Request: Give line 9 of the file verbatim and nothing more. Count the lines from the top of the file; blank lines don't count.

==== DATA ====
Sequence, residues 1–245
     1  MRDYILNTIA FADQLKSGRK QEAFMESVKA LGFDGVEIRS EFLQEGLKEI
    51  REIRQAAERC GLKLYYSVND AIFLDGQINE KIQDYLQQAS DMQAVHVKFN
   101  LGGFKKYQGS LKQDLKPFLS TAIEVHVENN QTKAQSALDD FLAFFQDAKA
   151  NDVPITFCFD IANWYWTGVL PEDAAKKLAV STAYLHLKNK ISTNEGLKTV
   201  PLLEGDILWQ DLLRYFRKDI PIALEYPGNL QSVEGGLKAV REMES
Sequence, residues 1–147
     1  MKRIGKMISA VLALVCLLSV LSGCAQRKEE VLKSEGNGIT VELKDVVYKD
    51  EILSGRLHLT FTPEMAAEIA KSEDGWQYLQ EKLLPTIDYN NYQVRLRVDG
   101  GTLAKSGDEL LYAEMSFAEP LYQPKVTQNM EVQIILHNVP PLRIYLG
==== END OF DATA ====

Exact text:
    51  EILSGRLHLT FTPEMAAEIA KSEDGWQYLQ EKLLPTIDYN NYQVRLRVDG